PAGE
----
I cannot remember when exactly I was introduced to the romantic comedy film, Pretty Woman. What I know is that I will watch it whenever it is on TV and I have been watching it for the past 10 years.
So the other night, the 1990 film was on again and sure enough, I found myself hiding under an electric blanket giving the film my undivided attention. Every year I ask myself why I enjoy the film so much. Perhaps I am a romantic? Perhaps I enjoy the witty exchange between characters? Call me slow, but after 10 years, I finally found the answer this time around!
I found my answer between the line "you have a lot of potentials" and the main character Vivian Ward's vulnerable yet unfailing faith for a better future. After all, I'm a positive person who struggles with the world's constant negativity and found myself drawn to Pretty Woman's fairy-tale happy ever after ending.
Obviously it was a movie; such a fairy-tale ending hardly happens in the real world. Nevertheless, I was intrigued by how Vivian Ward remained positive despite her unconventional choice of occupation. Her deeply buried positivity fascinated me.
The beneficial effect of having a positive state of mind is well known and the link between success and positivity has also been well documented. This is important as this offers us a way to manage and cope with the obstacles that we are facing, both in our personal and professional life.
So how exactly do we stay positive when too often we are surrounded by the all-powerful naysayers? Yes, you got me right, naysayers are powerful. They are so powerful that they actually cultivate self-doubt and stifle innovative spirit. So what exactly can we do to build up our resilience to the naysayers and maintain, if not continue to grow, our positivity in the face of challenges? And here is how.
Positivity is about choices.
Having a positive frame of mind is a matter of choice for most people. Sure, for patients with a mental illness like depression, such a choice may not come naturally or even possible without the assistance of medical intervention.
But for most people, choosing to have a positive attitude should be a lifelong priority. It should be something we all strive for consciously.
But what if you were born a "gloom-and-doomer"? You will be glad to know that you can still be saved.
To choose a positive mindset sometimes means taking deliberate positive actions.
William James's neuroplasticity theory in 1890 essentially states that we can re-wire our brain through repetitive exercises. By deliberately having positive thoughts and undertaking positive activities can actually strengthen the area of the brain that stimulates positive emotions.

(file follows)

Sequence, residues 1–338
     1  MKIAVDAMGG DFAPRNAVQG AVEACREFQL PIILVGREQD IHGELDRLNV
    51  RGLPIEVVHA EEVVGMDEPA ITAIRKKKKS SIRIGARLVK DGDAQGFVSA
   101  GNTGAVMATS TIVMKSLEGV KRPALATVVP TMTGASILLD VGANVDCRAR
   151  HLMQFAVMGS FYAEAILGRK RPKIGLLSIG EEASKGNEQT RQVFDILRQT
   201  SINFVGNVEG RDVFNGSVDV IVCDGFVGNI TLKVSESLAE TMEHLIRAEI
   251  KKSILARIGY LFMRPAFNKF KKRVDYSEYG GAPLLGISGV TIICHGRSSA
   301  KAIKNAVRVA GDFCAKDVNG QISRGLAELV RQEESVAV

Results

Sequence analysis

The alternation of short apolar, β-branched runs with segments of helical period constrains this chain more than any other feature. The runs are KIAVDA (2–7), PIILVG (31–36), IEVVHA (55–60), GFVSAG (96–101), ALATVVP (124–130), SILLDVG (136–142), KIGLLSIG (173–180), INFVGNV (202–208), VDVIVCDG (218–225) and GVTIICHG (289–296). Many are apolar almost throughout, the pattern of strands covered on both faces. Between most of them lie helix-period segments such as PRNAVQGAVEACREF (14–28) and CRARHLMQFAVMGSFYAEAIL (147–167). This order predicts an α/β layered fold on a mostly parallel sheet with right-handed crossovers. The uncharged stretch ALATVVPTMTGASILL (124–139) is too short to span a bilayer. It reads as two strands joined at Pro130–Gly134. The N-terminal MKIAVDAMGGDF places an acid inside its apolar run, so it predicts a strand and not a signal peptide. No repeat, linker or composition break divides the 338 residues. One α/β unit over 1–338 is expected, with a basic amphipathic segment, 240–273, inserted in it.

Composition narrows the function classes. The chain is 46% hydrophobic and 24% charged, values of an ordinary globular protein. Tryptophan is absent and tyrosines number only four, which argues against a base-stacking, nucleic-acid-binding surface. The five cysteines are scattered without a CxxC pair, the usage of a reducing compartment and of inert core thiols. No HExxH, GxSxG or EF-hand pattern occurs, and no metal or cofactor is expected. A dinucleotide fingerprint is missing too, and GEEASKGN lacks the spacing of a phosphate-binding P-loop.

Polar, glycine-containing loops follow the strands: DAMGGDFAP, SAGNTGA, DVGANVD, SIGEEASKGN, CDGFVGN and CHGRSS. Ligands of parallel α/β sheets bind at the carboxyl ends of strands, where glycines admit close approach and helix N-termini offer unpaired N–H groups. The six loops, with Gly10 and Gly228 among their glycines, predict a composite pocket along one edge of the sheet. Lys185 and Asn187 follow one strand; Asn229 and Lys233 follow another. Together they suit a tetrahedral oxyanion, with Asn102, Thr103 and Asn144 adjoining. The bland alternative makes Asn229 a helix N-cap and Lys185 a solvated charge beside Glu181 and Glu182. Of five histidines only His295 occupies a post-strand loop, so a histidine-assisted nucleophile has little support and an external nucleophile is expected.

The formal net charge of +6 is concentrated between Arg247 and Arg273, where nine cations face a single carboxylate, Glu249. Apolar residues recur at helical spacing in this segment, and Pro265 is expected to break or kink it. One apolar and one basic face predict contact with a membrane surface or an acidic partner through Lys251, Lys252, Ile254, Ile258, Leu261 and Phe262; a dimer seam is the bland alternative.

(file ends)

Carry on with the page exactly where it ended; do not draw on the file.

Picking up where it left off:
And as Professor Barbara Fredrickson, a positive psychology expert with over 25 years of experience from the University of North Carolina, would tell you positive emotions are like nutrients, which we all need in our daily life if we were to "become more resourceful versions of ourselves".
So next time you are feeling negative or want to build up your positive energy in order to fight off those naysayers, make a list of positive words such as future, happy and hope. Write them down and chant them if you have to.
Apparently, even a simple exercise like this repeated over time builds our mental resilience. This explains why inspiration quotes are such a hit on social media. To cement positivity in your life, take steps to plan it and do up a simple “positivity plan” that you can follow to "store up" your positivity.
Busting naysayers through an allied circle
Working with naysayers is painful. They can be so risk adverse and set in their way that sometimes you wonder if they were born in another century. But there is hope (remember, you are reading an article about being positive).
Ever heard of "we are stronger when we stand together"? That is exactly right. To combat the all-powerful naysayers and their negativity, sometimes it requires group power. This means you need to strategically build an allied force over the course of your life by identifying those who will champion for you when the time comes.
For example, when I worked as a project manager in a conservative and risk adverse sector, trying to push through new concepts such as big data and simulation at times almost seemed unachievable. But I knew I had my boss and my team as my ally.
While I was doing the selling, I drew on their occasional “I think we should explore this further” comment. This not just built my confidence, it also built my credibility in front of everyone including those naysayers.
My allied circle was my safety net, who not only acted as my source of positivity, they were also the people with whom I could bounce off big ideas with. And that proved to be invaluable in an environment where innovative culture had not yet flourished.
Face it, you are unlikely going to test your new ideas with naysayers, because all you are likely to get is a no. So spend some time over the next few years to strategically build up your naysayer-buster network. This way you can perpetuate your positivity and continue to effect meaningful changes without your life.
Now having shared my positive tips, I may just go back to my old time favourite film and immerse myself in the positive of Pretty Woman!
About the author
To connect with Suzi Chen, visit her bio here.